New material issued by the Interactive Advertising Bureau Tuesday suggests that some ad companies plan to aggressively interpret loopholes in California's sweeping privacy law.
The law, slated to take effect next January, includes a provision giving consumers the right to opt out of the sale or disclosure of their personal information -- including data used for ad targeting, such as persistent identifiers, browsing history and IP addresses.
The opt-out provisions require web companies to place a “do not sell my information” link or button on their sites.
But the measure has an ambiguously worded exception for situations where one company transfers data to another for “business purposes,” including advertising and marketing.
That exception could arguably apply when businesses sell data for ad targeting. (The law's definition of “sale” appears broad enough to cover the types of data disclosures and exchanges that occur in the online ad eco-system.)
The IAB and IAB Tech Lab suggest in a compliance framework draft issued Tuesday that some advertisers plan to contend they aren't “selling” customers' data when they contract with ad-tech companies to disclose customers' information for business purposes.
“Advertisers often disclose the personal information of consumers ... to DSPs, DMPs, agencies, and others for targeting purposes,” the draft document states. “Some advertisers are choosing not to 'sell' (as defined by CCPA) such personal information by entering into service provider agreements where personal information is disclosed pursuant to business purposes.”
The IAB and IAB Tech Lab add that there are two consequences of this approach: Those advertisers “would not be required to put a 'Do Not Sell My Personal Information' link on their properties,” and “will be limited in the benefits that ad tech companies can provide in reaching their intended audience.”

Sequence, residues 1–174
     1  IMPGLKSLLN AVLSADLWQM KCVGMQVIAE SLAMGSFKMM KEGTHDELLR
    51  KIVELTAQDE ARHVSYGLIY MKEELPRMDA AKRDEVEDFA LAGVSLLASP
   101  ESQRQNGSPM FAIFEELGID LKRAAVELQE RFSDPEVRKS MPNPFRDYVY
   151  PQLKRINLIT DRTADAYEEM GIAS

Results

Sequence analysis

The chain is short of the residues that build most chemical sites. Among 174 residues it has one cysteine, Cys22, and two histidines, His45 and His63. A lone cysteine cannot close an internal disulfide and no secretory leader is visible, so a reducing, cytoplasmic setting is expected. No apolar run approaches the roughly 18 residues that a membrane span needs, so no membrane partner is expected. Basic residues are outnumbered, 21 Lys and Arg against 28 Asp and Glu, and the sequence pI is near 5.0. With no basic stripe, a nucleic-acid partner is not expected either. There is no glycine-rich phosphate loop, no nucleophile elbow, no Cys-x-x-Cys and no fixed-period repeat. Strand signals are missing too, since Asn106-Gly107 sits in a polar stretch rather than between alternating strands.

The industry groups say the compliance framework “does not interfere with an advertiser’s right to pursue such a path.”
The organizations add that they're not taking a position on legal conclusions.
“The CCPA is not yet effective nor enforced, and there are provisions of the law that are ambiguous and leave room for interpretation,” the organizations write. “We recognize that there is no single, agreed upon compliance interpretation of the CCPA.”
California's attorney general is still crafting regulations to implement the bill.
But the notion that advertisers will be able to avoid the mandate for a “do not sell my information” link reflects a “very aggressive interpretation” of the statute, according to Justin Brookman, director for consumer privacy and technology policy for Consumer Reports.
“I think that interpretation is contrary to the spirit of the CCPA,” he says in an email to MediaPost.
Earlier this year, California Senator Henry Stern proposed an amendment (SB 753) to the privacy law that would have explicitly exempted targeted advertising from the law's mandates. He withdrew the proposal before it came up for a vote.
The IAB and IAB Tech Lab's compliance framework also addresses other aspects of the new law, including a provision giving consumers the right to learn what personal information is held about them.
The document was developed with input from more than 350 legal, public policy, and technical experts from online companies. The IAB is accepting comments on the draft until November 5.